You are here: Home / Publications / Long-term changes in ground beetle (Coleoptera: Carabidae) assemblages in Scotland

Long-term changes in ground beetle (Coleoptera: Carabidae) assemblages in Scotland

The authors used ECN carabid beetle and meteorological data from two sites in Scotland to describe the trends in ground beetle assemblages over an 18-year (1994–2011) period at two Scottish sites.
Reference

© 2015 The Royal Entomological Society
© 1999-2015 John Wiley & Sons, Inc. All Rights Reserved

Pozsgai, G., Baird, J., Littlewood, N. A., Pakeman, R. J. and Young, M. R. (2015), Long-term changes in ground beetle (Coleoptera: Carabidae) assemblages in Scotland. Ecological Entomology. doi: 10.1111/een.12288

File

Web

Visit web page…

Related site(s)

Related protocol(s)

Related organisation(s)

1. One-way, directional changes in both plant and animal associations are likely to be occurring as a result of changing climate. Current knowledge of long-term cycles in insect communities is scarce, and therefore it is difficult to assess whether the observed changes in insect communities are the first part of a long-term trend or parts of normal cycles.

2. In this study multivariate methods were used to describe the trends in ground beetle (Coleoptera: Carabidae) assemblages over an 18-year (1994–2011) period at two Scottish sites. In order to have a deeper insight into the underlying processes, both environmental factors and the species driving the detected changes were investigated.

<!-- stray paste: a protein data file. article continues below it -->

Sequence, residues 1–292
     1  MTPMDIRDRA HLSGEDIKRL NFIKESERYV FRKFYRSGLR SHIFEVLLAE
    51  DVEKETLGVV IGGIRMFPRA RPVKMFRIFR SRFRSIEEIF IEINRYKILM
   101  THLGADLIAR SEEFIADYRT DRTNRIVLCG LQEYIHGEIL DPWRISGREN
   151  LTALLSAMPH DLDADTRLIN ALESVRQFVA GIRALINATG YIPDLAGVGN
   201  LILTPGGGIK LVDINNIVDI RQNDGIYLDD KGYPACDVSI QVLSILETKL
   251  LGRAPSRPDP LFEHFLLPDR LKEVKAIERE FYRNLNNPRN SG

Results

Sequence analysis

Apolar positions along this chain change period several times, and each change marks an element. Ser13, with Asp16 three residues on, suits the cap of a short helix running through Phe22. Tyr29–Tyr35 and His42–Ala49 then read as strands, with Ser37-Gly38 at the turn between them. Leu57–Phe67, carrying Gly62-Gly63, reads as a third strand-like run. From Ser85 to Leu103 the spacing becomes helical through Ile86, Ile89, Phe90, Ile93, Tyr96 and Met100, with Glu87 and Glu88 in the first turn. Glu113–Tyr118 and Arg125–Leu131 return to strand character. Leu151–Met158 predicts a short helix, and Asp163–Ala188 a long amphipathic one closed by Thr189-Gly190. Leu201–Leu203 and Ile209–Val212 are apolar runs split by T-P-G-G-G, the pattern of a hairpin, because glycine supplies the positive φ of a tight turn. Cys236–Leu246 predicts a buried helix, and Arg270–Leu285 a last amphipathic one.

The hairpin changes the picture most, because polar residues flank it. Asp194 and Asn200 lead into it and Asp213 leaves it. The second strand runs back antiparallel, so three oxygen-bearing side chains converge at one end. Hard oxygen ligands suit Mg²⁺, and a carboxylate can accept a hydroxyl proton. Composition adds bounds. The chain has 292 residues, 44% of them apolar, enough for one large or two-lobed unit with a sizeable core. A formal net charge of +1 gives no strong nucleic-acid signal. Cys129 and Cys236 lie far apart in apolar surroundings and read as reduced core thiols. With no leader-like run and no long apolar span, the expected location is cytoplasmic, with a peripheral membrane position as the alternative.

3. In four out of the six sample transects, insect community compositions showed trends rather than fluctuating patterns. Hierarchical cluster analysis also revealed a clear separation, after accounting for sampling location and broad habitat, between early and later years of sampling. Decreasing annual maximum temperatures and increasing precipitation were identified as the main environmental drivers. Although increased rainfall was expected to be beneficial for hygrophilous species, in the transects in this study generalist species increased in dominance.

4. The increasing importance of generalists, in the communities studied here, underlines the vulnerability of the specialist species and urges greater effort in their conservation. Assemblage changes along different trajectories at the sites in the present study could only be tracked using multivariate methods; commonly used diversity indices proved to be unsatisfactory. Therefore, the exclusive use of simple diversity indices should be discouraged and multivariate methods should be preferred in environmental assessments and conservation planning.